Last week we looked at and considered how teams perpetuate a norm through subtle pressure or outright punishment. It is not uncommon, after going through the process of determining what norms your team is using, to realize there are a few norms that are hurting your team performance.
A negative norm I have seen repeated on many teams is refusing to share information. As we discussed a few weeks ago, knowledge is power. But team members using knowledge to their gain at the detriment of the team or the larger organization is a problem.
Here are the steps you can take to change any norm that is limiting the potential of your team:
- Observe your team to determine the behaviors the norm is creating. Do your team members not speak up in meetings? Do they avoid meetings they should be attending? Do they send vague emails that lack necessary detail? Do they give out incorrect information or allow “accidental” misunderstandings to go unaddressed? Many norms are kept in place by passive/aggressive behaviors. You will have to pay close attention to notice them.
- What benefits are you team members getting by using the detrimental norm? Benefits can often include praise or acknowledgement from the leader or the group for following the norm.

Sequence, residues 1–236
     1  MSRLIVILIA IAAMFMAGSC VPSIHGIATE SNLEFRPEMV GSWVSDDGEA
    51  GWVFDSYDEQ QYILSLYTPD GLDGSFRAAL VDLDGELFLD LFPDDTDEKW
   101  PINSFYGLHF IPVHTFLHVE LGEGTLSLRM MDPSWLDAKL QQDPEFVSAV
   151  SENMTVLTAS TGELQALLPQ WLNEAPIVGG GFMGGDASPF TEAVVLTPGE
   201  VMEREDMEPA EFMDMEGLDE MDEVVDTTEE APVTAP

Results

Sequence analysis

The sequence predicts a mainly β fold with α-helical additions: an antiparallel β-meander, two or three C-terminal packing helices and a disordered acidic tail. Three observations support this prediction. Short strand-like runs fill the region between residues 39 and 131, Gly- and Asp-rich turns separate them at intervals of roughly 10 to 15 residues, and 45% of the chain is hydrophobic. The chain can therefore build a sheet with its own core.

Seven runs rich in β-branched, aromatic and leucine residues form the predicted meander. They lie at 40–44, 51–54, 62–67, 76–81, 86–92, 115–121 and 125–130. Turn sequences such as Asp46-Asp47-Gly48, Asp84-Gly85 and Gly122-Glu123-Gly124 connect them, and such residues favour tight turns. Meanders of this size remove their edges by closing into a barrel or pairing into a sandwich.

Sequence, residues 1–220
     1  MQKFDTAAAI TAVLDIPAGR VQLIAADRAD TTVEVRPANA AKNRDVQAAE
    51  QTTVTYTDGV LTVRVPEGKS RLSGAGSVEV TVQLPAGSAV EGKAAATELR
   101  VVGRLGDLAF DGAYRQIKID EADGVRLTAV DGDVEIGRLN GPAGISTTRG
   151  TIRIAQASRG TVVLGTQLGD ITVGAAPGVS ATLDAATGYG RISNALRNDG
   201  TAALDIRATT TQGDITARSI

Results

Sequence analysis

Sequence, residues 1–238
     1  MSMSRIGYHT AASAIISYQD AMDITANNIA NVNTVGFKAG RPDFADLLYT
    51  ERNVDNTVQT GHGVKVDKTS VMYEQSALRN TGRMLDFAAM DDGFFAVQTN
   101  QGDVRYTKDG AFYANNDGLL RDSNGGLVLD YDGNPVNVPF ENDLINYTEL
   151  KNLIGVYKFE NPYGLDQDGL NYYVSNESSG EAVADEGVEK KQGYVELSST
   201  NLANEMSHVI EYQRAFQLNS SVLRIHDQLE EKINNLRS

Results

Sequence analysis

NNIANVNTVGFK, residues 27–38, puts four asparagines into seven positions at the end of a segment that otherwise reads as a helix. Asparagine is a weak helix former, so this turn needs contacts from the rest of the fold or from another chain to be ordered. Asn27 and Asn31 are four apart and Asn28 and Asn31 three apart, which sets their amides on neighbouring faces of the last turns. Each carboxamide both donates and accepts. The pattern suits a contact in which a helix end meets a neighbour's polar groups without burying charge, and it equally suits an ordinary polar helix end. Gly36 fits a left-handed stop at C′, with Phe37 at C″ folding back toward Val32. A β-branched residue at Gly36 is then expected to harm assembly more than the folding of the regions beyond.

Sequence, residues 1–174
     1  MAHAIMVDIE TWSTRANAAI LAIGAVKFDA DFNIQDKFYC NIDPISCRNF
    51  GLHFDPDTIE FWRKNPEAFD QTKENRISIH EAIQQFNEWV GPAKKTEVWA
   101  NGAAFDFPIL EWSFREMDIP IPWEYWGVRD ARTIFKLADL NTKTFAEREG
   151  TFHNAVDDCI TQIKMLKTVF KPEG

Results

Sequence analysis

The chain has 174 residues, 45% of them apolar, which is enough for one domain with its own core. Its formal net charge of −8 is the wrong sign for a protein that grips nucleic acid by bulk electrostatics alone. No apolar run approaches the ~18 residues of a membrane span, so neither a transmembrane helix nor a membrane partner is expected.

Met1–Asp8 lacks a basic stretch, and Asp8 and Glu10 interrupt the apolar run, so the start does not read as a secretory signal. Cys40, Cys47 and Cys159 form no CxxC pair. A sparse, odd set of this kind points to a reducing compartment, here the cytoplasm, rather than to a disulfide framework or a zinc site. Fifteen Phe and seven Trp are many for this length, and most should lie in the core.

- In contrast to the benefits, what punishment does your team use when someone doesn’t follow the norm? Giving the silent treatment and even blatantly calling someone out are two common punishments. Other punishments are more subtle. Maybe extra work gets piled up on the offender’s desk. Perhaps they aren’t included in social functions. I have even seen athletic teams do things like “forget” to include the offending teammate’s dirty uniform when laundry was sent out.
- How is the norm negatively affecting your team? What would be better if the norm was changed?
- Now you have all the information you need to be able have a conversation with your team. Discuss everything you have learned. Show them how your team could be more productive and successful if the norm is changed.
- As a team create a plan to change the norm. Make sure you include very specific behaviors. Have a way for teammates to discuss when they believe they are being punished for engaging in the new, productive norm.
- Create positive outcomes for not following the old norm. When someone sends an email with all of the information you needed, let them know how it a difference. Remember that it is important to acknowledge positive change.
Changing a team norm can be difficult. By being mindful and upfront about what needs to change, why change is beneficial and getting everyone to agree to working toward the change it can be done rather painlessly.
Have you ever tried to change a team norm? What was your experience? Were you successful or where the pressures to keep the status quo too great? We would love to hear your about experience in the comments.
Come back next week when we talk about the five things you should never say during an argument.